More from Annapolis

Martin and Elizabeth Bevan
Mon 6 Jun 2011 21:10

Position           38:57.46N 076:31.70W

Date                1200 – Monday 6 June 2011 (UTC -4)


After the close of the OCC Rally we stayed a few days in Crab Creek, Annapolis.


Saturday morning early was completely windless and quiet.  The early bird catches the photograph.



Saturday was spent visiting the local West Marine chandlery whilst the ladies hit Safeway all courtesy of Sid Shaw.  The day somehow passed quickly and we finished with a BYO barbeque with Andrew and Celia of Alice; real American steak.


On Sunday Wolfgang Reuter, whose house is on Crab Creek and who hosted the end of Rally Party offered to take us on a tour of the Naval Academy in Annapolis.  Wolfgang was formerly the Chief Naval Architect and responsible for a wide range of ship design and policy.  He had also as a civilian worked in the research facilities at the Academy so an excellent guide.


The Academy has a great site on a peninsula facing the old part of Annapolis and dates back to the second half of the 19th century.  Many of the principal buildings are from that time although of course there are modern additions.  Currently they are training 1,000 midshipmen a year on a four year course, 4,000 resident at anyone time. As you would expect, everything is on a large scale.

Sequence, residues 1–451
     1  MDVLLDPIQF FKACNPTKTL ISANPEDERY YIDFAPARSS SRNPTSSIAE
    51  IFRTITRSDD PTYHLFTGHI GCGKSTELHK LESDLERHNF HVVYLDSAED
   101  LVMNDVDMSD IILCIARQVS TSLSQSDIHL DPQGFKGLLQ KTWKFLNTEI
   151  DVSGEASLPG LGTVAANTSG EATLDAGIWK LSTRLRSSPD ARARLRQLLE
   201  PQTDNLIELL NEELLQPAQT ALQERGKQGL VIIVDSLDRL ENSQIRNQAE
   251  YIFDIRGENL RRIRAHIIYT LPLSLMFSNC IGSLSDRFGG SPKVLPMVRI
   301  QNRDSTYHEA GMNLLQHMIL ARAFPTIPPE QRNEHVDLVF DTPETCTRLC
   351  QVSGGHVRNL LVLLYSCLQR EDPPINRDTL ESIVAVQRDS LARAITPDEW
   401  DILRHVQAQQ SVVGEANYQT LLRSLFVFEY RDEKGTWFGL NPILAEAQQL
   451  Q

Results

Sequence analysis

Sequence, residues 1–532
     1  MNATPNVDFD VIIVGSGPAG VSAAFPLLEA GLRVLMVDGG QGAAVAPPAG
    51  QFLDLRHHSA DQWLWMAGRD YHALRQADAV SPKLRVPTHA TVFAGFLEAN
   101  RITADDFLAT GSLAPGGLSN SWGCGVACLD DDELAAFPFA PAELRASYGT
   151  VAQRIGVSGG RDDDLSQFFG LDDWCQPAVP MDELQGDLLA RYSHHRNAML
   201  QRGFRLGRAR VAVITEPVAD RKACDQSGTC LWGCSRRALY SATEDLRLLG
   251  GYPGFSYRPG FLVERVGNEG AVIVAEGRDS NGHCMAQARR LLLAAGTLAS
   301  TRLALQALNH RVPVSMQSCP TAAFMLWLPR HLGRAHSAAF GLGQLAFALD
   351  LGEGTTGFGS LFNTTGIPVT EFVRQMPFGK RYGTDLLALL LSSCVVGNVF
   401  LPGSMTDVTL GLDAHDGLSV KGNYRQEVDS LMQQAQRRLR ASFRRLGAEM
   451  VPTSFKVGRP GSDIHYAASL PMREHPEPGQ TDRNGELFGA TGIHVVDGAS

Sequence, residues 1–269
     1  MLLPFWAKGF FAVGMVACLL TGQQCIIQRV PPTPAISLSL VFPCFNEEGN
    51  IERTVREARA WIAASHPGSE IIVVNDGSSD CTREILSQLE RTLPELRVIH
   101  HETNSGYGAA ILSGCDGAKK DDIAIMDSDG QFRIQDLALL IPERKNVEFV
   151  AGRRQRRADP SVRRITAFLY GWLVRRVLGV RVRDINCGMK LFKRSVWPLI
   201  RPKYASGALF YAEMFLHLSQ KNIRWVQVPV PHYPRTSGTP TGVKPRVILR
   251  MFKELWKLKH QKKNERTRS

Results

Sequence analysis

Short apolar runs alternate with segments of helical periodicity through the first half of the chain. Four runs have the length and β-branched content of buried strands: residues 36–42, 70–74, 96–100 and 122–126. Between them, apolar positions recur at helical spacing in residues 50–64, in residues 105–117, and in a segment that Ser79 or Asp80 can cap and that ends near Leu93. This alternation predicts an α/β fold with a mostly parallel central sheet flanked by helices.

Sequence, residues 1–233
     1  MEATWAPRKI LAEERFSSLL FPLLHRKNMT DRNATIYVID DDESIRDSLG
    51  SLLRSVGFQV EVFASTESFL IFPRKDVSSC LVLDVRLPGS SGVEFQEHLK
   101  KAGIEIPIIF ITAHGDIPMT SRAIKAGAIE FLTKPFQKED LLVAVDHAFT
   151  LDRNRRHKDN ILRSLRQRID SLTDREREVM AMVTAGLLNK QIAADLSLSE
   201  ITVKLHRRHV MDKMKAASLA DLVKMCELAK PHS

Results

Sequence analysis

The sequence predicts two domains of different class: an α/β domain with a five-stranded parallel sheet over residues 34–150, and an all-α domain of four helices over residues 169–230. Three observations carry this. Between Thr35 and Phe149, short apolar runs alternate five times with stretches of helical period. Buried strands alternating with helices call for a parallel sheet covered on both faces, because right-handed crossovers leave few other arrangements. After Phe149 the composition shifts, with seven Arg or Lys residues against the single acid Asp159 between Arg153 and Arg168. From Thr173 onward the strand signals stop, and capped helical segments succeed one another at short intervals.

Somewhere at the end of this hall is an excellent cafeteria.




Despite the heightened security that has existed since 9/11 visitors who have to be ID’d on the way in are free to wander around the campus. 


I found it strange how many similarities there were to our military academy at Sandhurst which I suppose is not surprising as the essential aims are the same.  The Chapel evoked exactly such feelings.



In a pew towards the front was a candle that has been lit ceremonially at each service since the Vietnam War to commemorate those officers from the Academy who have yet to return from active service; and of course never will.


In the crypt is a mausoleum to a hero of the war of independence, John Paul Jones, whose remains were returned from France, where he died, and placed here as a focus for American patriotism.  It has a surprising resemblance to the tomb of Napoleon in the Invalides in Paris which is not surprising as it was modelled on it.



We finished our tour with a visit to the excellent museum, a walk around the marine design faculty and a walk around the sea wall to view the Academy’s fleet of offshore yachts.



On our return to the boats it was a quick turn around and we jointly hosted Wolfgang and Gemma for supper on board Alice.  Celia produced an excellent Spaghetti Bolognaise and Elizabeth created a bannoffi pie.


The ladies present:



And the gentlemen



Oh horror, we both ended up wearing the same shirt.  Honest! this was not deliberate.


A final photograph – Caduceus at rest: